Mexicans Marvin Quintero and Carlos Morales Defeat Boricuas in L.A.

LOS ANGELES-Mexico’s Marvin Quintero proved it’s not over until the final bell, in knocking out Puerto Rico’s Jeffrey Fontanez to win the Mexico-Puerto Rico battle on Friday.

Mexicans won this night against the always tough and talented Puerto Ricans at Belasco Theater on the Golden Boy Promotions card.

It wasn’t easy. It never is.

Quintero (28-6, 24 Kos) was losing the first three rounds easily to Fontanez (15-2, 12 Kos), who was quicker and seemed to have a solid fight plan.

Fontanez had his way for the first three rounds by using his long reach and quick combinations. The left-handed Quintero landed single punches but not enough to offset Fontanez winning those rounds.

In round four Quintero attacked more and fought inside the long reach of the Boricua. A stiff left lead from the Mexican southpaw connected soundly and had Fontanez backing away. It was the first time Quintero won a round.

Quintero approached the fifth round knowing that his adjustments to bring the fight inside had worked. Fontanez was fine as long as he kept the Mexican at a distance. Quintero took that away with a lead left cross that decked the Boricua with a single blow. He got up but was delivered to the canvas again with the same punch. He got up again but the Mexican swarmed Fontanez with a series of well-placed blows. The Puerto Rican corner wisely tossed in the towel at 2:21 of the fifth round to end the fight.

“Feels great and extremely satisfying to get this win in the name of my country. My left hand was a big weapon for me tonight,” said Mexico’s Quintero.

Puerto Rico’s Fontanez was gracious in defeat.

“I knew he was an experienced fighter. I knew I was ahead in the card but he landed a very lucky shot in the fifth round that I couldn’t come back from,” Fontanez said.

Other bouts

L.A.’s Carlos Morales (12-1-3, 6 Kos) stopped Puerto Rico’s O’Nell Negron (10-2-2, 8 Kos) in the seventh round to win the Mexican-Boricua battle of lightweights.

A pair of long armed lightweights showed off their chins for several rounds, especially Puerto Rico’s Negron. But slowly and surely Mexican-American Morales whacked him around the ring, landing perfectly connected uppercuts for the first three rounds. Negron merely shrugged and asked for more.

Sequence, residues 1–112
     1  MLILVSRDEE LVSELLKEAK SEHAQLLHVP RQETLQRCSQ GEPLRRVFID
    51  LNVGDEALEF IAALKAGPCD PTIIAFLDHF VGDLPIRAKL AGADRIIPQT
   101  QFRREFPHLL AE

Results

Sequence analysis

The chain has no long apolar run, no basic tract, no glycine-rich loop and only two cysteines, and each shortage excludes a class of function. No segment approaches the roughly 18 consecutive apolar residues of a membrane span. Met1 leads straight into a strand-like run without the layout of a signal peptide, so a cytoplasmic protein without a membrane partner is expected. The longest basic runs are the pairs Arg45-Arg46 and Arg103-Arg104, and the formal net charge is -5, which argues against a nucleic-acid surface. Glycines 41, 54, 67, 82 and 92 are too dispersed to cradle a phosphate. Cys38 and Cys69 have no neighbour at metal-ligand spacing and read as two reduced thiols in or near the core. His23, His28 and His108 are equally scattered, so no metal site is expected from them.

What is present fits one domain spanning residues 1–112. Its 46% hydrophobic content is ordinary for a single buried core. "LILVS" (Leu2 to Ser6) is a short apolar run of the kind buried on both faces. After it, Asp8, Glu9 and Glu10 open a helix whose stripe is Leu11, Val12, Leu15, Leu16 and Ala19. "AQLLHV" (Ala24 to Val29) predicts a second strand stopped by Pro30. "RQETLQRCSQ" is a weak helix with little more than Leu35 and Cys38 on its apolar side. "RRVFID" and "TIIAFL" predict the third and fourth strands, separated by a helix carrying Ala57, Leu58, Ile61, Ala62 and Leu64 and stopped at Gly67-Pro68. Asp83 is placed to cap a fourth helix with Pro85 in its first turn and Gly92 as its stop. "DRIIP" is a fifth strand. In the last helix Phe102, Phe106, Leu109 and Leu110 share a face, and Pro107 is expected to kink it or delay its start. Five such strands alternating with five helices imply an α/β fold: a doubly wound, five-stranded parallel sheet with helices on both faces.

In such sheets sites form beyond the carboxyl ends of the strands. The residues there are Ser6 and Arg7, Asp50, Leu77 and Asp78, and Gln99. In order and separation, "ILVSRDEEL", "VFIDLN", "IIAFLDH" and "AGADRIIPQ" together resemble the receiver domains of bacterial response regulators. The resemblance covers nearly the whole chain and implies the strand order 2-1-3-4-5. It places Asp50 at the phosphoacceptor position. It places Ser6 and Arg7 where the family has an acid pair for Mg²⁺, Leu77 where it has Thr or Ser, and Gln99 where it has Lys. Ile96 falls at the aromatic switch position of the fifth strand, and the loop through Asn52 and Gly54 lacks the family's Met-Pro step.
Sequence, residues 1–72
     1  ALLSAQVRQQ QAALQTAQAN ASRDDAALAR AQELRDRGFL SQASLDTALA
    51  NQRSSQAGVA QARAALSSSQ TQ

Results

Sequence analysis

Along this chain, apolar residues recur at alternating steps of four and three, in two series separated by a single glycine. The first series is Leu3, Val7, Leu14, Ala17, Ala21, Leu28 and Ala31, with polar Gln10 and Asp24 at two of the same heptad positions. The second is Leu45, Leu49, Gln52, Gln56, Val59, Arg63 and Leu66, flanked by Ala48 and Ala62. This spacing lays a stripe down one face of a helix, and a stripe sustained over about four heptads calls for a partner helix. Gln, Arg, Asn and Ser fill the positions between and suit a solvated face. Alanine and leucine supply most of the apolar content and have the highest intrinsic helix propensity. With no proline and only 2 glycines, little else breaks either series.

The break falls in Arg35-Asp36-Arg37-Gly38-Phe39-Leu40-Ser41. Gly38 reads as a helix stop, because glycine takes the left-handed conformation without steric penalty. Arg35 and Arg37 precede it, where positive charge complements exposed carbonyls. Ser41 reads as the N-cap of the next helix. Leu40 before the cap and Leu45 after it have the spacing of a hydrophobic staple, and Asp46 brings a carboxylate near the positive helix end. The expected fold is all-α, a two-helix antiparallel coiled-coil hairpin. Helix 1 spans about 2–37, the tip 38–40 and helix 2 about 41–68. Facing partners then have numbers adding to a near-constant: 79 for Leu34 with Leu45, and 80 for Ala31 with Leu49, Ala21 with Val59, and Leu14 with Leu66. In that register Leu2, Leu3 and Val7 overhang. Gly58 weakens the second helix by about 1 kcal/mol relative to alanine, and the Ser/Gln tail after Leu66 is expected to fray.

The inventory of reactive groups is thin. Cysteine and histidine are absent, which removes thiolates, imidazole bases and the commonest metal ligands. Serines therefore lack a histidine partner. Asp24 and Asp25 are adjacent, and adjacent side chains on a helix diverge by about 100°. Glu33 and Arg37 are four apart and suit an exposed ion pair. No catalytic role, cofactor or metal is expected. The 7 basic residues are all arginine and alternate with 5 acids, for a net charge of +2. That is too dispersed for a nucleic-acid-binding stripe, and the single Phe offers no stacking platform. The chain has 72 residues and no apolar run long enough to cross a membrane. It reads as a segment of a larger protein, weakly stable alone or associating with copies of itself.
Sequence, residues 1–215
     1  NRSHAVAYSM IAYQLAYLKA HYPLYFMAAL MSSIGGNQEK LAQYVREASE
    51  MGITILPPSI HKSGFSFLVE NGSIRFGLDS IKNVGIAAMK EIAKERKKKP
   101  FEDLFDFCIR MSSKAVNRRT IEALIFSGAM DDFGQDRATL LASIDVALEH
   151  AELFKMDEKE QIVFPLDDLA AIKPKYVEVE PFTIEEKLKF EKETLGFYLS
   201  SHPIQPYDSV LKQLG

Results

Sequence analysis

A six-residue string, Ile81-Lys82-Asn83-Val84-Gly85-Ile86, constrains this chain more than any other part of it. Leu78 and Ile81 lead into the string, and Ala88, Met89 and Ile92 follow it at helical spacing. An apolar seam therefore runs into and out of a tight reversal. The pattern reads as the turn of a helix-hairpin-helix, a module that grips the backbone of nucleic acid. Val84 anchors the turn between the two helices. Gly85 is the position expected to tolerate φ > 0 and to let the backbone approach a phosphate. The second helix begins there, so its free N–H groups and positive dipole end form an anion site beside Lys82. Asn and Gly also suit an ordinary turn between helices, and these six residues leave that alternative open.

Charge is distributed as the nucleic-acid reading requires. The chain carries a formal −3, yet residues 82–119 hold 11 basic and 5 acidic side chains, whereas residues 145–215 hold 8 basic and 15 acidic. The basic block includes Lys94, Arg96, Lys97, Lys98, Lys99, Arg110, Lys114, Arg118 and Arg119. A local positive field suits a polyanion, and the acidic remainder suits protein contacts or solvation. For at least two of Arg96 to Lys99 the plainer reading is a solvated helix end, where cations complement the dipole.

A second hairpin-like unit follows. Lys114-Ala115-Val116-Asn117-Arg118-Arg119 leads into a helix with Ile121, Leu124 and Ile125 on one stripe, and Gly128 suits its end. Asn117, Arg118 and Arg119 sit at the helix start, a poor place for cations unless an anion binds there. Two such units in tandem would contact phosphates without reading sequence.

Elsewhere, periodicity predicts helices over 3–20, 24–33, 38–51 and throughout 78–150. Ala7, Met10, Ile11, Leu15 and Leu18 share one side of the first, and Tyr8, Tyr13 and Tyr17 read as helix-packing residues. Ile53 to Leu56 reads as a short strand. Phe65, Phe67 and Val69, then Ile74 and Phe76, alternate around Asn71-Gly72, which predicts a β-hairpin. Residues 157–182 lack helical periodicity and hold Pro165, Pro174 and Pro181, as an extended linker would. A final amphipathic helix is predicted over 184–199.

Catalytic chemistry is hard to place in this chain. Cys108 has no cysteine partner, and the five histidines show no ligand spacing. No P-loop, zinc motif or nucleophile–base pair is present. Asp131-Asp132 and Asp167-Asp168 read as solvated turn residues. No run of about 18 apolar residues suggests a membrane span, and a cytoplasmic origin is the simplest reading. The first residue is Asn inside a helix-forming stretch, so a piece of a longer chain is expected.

Puerto Rico’s Negron took a pounding in the sixth round but did land some good body shots of his own. Somehow Negron looked confident despite the pounding and kept moving forward. Despite their similar records, Morales seemed more skilled.

“I saw film of him and I thought he was slow,” said Negron. “He kept me at a distance with his jab.”

Heads collided in the sixth round when Morales attempted a body shot. Negron winced in pain and was allowed time to recover. Overall Morales did everything he wanted against Negron, who doesn’t seem to like to jab.

Finally in the seventh round, Morales unloaded a total of 28 blows to the head of Negron and referee Zack Young stopped the fight at 2:07 of the round for a technical knockout win for Morales. It was the right call. Though Negron never seemed hurt two fighters died this last week from injuries in the ring. Why chance it?

Oscar Negrete (12-0, 3 Kos) remained undefeated with a one-side fight against Mexico’s Jose Estrella (14-8-1, 10 Kos) that ended in a technical knockout at the end of the sixth round. Estrella did not come out for the seventh round and seldom fired punches against Negrete.

San Antonio’s Hector Tanajara (2-0) won his second consecutive fight at Belasco Theater. This time the long-armed lightweight defeated Mexico’s Antonio Martinez (3-5, 3 Kos) by unanimous decision. All three judges scored it 40-36. Tanajara lives in San Antonio but has been training in the Riverside area under Robert Garcia.

“I feel I was in control throughout the fight. I was looking for the knockout,” said Tanajara. “I felt my jab was an effective weapon in the fight.”

Undefeated featherweight Emilio Sanchez (10-0, 7 Kos) was matched tough against veteran competitor Juan Sandoval (7-17-1, 4 Kos) and stopped the San Bernardino fighter at the end of the second round. Sanchez and Sandoval slugged it out for two rounds but a left hook caused a huge swelling on the taller Sandoval. It was an evenly matched fight but Sanchez’s hard blows did more damage.

“I wanted to break him down to the body, throw combinations was my plan,” said Sanchez. “I feel really pleased with the work I’ve shown.”

Francisco Esparza (1-0) of Las Vegas won his pro debut over Bell’s Carlos Gonzalez (1-8) after four rounds of a lightweight fight. Esparza was the busier and harder puncher and won all three cards 40-36. Esparza is trained by the great junior middleweight champion Fernando Vargas.

Mexico’s Oscar Duarte (3-0-1, 2 KOs) remains undefeated by winning by split decision over Ohio’s Alejandro Salinas (3-1, 3 KOs), who walked in the ring with Kelly Pavlik’s old trainer. Duarte floored Salinas with a left hook to the chest. He’s very heavy-handed with both hands, and has a Pipino Cuevas style of fighting. Salinas started quickly but once Duarte let go his heavy blows that affected the Youngstown fighter.